Now, something that actually offended Chinese…

I’m going to write another post -last one, I promise- in English, like the previous one, because it’s in some way related.

(Lectores en español, no se preocupen, a partir del próximo post volveré a usar la lengua cervantina y dejaré la shakespeariana en paz).

In the previous post I wrote about something that several English media said it had offended Chinese but, in my humble opinion, it didn’t (a football player doing a “Chinese eyes” gesture).

(Just to remind it).

Today, on the contrary, I will talk about something that, this time for sure, did offend many Chinese -or at least made them angry- and in this case the Chinese anger didn’t please some English media. ‘What? Do you want us angry or not?’ some Chinese may say…

I am referring to a now very famous speech made by a Chinese graduate, Yang Shuping, in a recent ceremony in the University of Maryland (USA):

Yang, who comes from Southern China city of Kunming, started her speech by saying that when she arrived to the US she finally had the chance to enjoy fresh air, because in her hometown she had to wear masks every day due to severe pollution.

The start of the speech has made Chinese very angry because Kunming is one of the cleanliest cities in China (even has the nickname of “Spring City” for its nice weather and blue skies) and they think she exaggerated just to please Americans. Even in the most polluted cities in China, like Beijing, not every day is a smoggy day, so saying that you have to wear masks every day, as she said, it’s a bit too much.

I agree with those critics, and I would add that United States is not exactly a country that deserves to set an example for taking care of the environment. A nation that has almost the same amount of CO2 emissions than China but having four times less population is not an example at all. They had smog problems as well in the past: Pittsburgh was notoriously famous for that in the 50s.

Later in the speech, Yang related the fresh air of Maryland with the freshness of free speech and democracy that she’s been able to enjoy in the United States. I believe that in that part of her speech she hasn’t been that criticized in China, because she is right, US is a country with much, much more freedom of speech than China. And I agree with her. China is a calamity in freedom of press and expression, and this post is not going to argue that part, for sure.

Let’s go back to the beginning: the young student overstated the bad quality of the air in her hometown, kind of adapting herself to the views of Americans that have not been in China and think that this is a living hell. And that’s something that happens often with China, and I have told many times in this website (but in Spanish language most of the time). China has very bad problems, why to exaggerate their details or fabricate new ones then? That gives excuses to conservative Chinese to attack foreign media… In this case, Yang is only a young student, she shouldn’t be blamed that much -and in a few days controversy around her will be forgotten, luckily- but she becomes a symbol on what happens sometimes about outside visions of China.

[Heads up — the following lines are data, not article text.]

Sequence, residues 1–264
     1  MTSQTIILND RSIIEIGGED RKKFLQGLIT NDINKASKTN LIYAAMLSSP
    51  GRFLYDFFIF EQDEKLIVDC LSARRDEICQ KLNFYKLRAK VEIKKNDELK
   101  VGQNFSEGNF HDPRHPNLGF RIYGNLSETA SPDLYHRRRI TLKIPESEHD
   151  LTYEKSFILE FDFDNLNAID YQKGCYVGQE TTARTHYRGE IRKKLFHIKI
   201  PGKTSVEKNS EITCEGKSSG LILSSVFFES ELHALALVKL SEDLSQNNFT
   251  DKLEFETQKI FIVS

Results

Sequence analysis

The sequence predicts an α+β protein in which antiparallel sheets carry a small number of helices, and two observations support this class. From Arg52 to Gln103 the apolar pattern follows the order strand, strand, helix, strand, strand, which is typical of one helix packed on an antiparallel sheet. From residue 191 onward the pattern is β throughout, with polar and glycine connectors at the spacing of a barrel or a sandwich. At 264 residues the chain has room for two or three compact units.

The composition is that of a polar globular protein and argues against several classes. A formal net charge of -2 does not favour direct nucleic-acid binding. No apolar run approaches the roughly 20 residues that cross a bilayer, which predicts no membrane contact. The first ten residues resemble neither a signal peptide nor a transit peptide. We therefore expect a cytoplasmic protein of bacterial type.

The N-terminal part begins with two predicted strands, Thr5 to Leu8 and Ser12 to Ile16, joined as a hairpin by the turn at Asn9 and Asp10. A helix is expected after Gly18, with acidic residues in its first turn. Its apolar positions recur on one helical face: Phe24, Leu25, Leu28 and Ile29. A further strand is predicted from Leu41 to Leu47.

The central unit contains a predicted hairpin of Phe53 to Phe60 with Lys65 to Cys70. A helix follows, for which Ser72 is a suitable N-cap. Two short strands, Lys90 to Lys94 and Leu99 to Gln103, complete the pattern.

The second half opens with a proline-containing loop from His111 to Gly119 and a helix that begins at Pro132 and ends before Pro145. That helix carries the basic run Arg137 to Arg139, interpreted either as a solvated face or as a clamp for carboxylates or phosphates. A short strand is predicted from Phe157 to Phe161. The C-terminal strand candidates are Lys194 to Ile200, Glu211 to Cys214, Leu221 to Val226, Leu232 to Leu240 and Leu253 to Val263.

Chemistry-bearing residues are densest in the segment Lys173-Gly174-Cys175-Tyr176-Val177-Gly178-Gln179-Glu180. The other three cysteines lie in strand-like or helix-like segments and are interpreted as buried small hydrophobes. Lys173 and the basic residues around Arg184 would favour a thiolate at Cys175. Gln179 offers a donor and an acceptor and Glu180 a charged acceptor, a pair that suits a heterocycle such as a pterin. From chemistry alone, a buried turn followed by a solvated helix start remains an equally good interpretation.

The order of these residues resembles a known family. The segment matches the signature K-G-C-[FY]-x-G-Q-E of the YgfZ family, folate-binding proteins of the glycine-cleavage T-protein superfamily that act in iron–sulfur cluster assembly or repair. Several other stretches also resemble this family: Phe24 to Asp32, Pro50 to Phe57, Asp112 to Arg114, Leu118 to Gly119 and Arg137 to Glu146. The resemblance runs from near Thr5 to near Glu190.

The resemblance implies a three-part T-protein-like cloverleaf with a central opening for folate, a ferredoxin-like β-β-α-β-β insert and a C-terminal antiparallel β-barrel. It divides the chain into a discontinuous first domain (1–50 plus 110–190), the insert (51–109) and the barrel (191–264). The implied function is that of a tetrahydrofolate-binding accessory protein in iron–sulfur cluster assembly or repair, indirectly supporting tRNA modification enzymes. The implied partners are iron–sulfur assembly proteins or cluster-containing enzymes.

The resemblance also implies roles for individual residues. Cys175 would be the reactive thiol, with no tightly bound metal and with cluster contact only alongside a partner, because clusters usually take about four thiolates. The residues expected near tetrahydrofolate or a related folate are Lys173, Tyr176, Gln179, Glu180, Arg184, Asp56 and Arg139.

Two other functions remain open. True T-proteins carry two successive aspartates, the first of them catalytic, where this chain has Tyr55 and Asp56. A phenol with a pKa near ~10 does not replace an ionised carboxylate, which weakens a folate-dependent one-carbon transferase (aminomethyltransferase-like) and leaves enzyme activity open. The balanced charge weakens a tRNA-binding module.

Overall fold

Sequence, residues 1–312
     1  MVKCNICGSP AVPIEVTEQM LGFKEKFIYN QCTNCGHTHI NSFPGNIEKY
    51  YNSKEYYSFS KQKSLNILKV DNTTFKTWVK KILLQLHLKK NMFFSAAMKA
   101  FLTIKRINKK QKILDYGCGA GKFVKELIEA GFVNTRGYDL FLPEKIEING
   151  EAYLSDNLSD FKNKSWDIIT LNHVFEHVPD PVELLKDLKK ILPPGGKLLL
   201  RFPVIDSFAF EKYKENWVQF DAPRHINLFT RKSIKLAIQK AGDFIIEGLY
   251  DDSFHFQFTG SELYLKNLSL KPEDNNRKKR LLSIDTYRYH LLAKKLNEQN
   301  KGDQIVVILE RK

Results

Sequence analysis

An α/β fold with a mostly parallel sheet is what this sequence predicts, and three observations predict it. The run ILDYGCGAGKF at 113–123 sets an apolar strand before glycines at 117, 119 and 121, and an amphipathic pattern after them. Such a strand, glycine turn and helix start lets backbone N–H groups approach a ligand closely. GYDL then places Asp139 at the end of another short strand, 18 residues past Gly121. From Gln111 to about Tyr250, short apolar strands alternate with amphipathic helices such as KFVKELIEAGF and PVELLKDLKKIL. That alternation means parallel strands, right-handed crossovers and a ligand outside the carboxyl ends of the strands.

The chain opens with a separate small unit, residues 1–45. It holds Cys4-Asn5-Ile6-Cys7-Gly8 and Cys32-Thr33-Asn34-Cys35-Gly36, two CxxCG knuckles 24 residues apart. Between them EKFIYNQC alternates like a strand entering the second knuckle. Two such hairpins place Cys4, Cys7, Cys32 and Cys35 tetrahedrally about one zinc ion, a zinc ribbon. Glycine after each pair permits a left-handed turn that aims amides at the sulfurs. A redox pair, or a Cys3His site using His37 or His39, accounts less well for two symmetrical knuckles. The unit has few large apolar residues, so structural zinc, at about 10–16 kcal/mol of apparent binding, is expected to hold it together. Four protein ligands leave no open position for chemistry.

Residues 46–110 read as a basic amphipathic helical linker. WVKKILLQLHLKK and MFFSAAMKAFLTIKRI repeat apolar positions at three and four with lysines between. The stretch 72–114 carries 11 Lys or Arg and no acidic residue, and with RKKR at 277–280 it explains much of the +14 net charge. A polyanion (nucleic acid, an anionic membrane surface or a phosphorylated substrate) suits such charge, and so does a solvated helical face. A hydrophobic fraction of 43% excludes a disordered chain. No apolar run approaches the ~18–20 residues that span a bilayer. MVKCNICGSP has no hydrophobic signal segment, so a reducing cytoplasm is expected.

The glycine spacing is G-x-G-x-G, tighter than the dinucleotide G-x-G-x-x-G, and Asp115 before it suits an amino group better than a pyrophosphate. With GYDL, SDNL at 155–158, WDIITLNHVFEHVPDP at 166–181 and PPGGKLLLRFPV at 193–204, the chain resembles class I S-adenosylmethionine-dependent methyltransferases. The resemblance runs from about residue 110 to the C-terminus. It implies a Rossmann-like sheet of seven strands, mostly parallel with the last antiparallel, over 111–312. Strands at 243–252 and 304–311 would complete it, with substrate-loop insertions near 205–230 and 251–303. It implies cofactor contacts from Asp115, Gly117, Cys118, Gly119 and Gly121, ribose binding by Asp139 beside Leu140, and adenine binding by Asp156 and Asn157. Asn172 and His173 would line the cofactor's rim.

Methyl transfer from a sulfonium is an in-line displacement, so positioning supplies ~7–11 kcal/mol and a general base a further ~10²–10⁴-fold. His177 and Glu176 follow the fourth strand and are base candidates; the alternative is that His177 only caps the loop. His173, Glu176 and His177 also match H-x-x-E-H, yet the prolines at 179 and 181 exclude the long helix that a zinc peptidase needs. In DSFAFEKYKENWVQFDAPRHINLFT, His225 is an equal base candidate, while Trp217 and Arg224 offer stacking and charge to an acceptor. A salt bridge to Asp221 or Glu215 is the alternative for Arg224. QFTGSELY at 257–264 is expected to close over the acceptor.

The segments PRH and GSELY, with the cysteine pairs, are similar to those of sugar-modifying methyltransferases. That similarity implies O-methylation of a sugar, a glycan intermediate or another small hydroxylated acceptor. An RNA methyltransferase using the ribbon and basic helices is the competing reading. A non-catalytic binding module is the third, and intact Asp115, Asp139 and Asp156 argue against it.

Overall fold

She exaggerated…. and BBC also exaggerated when it compared the Chinese complaining about it with “Red Guards”. Isn’t a little too much? They caught her in a little lie, that doesn’t make them a lynching mob.

Moreover, Taiwanese animation studio TomoNews (formerly known as NMA) made one video about the controversy that also portraits Chinese harshly (with diapers, shooting weapons, running over people with tanks). It’s again too much, in my point of view, but hey, it’s comedy, and I respect comedy.

I tried to defend a little the Chinese complaints in a sometimes risky environment, the comments section of the web Shanghaiist (very good articles but not so good commentators: their rants probably would hurt the feelings of Chinese much more than Lavezzi’s picture). I was called “ignorant”, “stupid” and “pathetic apologist”. A few months ago they said I come from a “poor Southern European country” and predicted I would leave China after one or two years here…

Now I am offended too.

2 Comentarios

  1. The BBC article didn’t compare the Chinese complaining about this to the Red Guards just for the sake of doing it, they did it because these benevolent complainers were already doing 人肉搜索 to find issues about her family, harrass them, try to make it impossible for her to find a job when she goes back to China, or even talking about doing a boycott to any company (even a foreign one) that employs her anywhere. So yes, I don´t think it´s far-fetched to draw this comparison. In the heart of it it’s the same will to destroy dissent views. Anyone normal would think, like you, that she is just naive and trying to please other students with a joke, even based on a white lie. Nothing to make a harrassment campaign out of it.

    The worst part of this issue, is that it gives ammo to the nationalists that hate every Chinese foreign exchange student, and at the same forces these students to be even more nationalist to not appear anti-patriotic.

    • Fair enough, human flesh searches are a bad thing and that gives reason to the BBC headline. I hope they don’t succeed, and I hope this controversy is quickly forgotten, as there are new controversies everyday. But the BBC article carefully omits that her speech had some wrong facts, in an objective point of view. Not the ones about the free speech, but the ones about the smog forcing us (people living in China) using masks everyday in any city. There’s a lot to fix in the environmental front, though.

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